New research suggests most of us don't consume dangerous amounts.
A new study published in The Lancet, that followed 94,000 people between the ages of 35-70 for roughly eight years, found that consuming salt does not increase the risk of health dangers for those who eat less than five grams (2.5 teaspoons) of salt a day.
After examining the data from communities in 18 countries around the world, researchers found that fewer than five percent of participants were consuming more than five grams of sodium. This international study also found that individuals exceeding the recommended amounts can still eliminate health risks by improving other aspects of their diets and adding fresh produce and potassium-rich foods into their daily meals.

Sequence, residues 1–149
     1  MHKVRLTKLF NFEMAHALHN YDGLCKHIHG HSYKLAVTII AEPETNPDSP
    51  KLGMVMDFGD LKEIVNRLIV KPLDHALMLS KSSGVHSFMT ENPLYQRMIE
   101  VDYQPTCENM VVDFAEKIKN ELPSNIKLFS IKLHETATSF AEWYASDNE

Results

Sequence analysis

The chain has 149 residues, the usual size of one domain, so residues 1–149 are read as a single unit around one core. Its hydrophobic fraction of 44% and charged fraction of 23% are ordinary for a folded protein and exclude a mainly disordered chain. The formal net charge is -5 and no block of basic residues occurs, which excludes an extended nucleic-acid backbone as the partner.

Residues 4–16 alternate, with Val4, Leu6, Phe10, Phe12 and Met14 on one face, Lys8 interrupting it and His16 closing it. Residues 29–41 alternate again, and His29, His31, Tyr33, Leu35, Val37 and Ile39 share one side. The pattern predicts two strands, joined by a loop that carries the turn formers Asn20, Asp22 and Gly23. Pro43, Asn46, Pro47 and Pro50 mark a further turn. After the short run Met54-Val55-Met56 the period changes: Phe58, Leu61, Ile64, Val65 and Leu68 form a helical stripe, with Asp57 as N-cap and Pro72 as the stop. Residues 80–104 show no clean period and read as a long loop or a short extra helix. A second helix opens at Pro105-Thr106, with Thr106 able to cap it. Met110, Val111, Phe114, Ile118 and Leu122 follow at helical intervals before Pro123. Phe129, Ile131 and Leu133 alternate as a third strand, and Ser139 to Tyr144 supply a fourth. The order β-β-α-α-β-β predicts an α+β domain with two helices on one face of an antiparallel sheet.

China was the only country participating in this study that had a large majority of its population consuming more than five grams of salt a day. As the first author of the study, Andrew Mente, reported to Science Daily, “Only in the communities with the most sodium intake did we find a direct link between sodium intake and major cardiovascular events like heart attack and stroke.” Martin O’Donnell, a co-author of the report, also adds that in terms of disease prevention, “There is no convincing evidence that people with moderate sodium intake need to reduce their sodium intake.”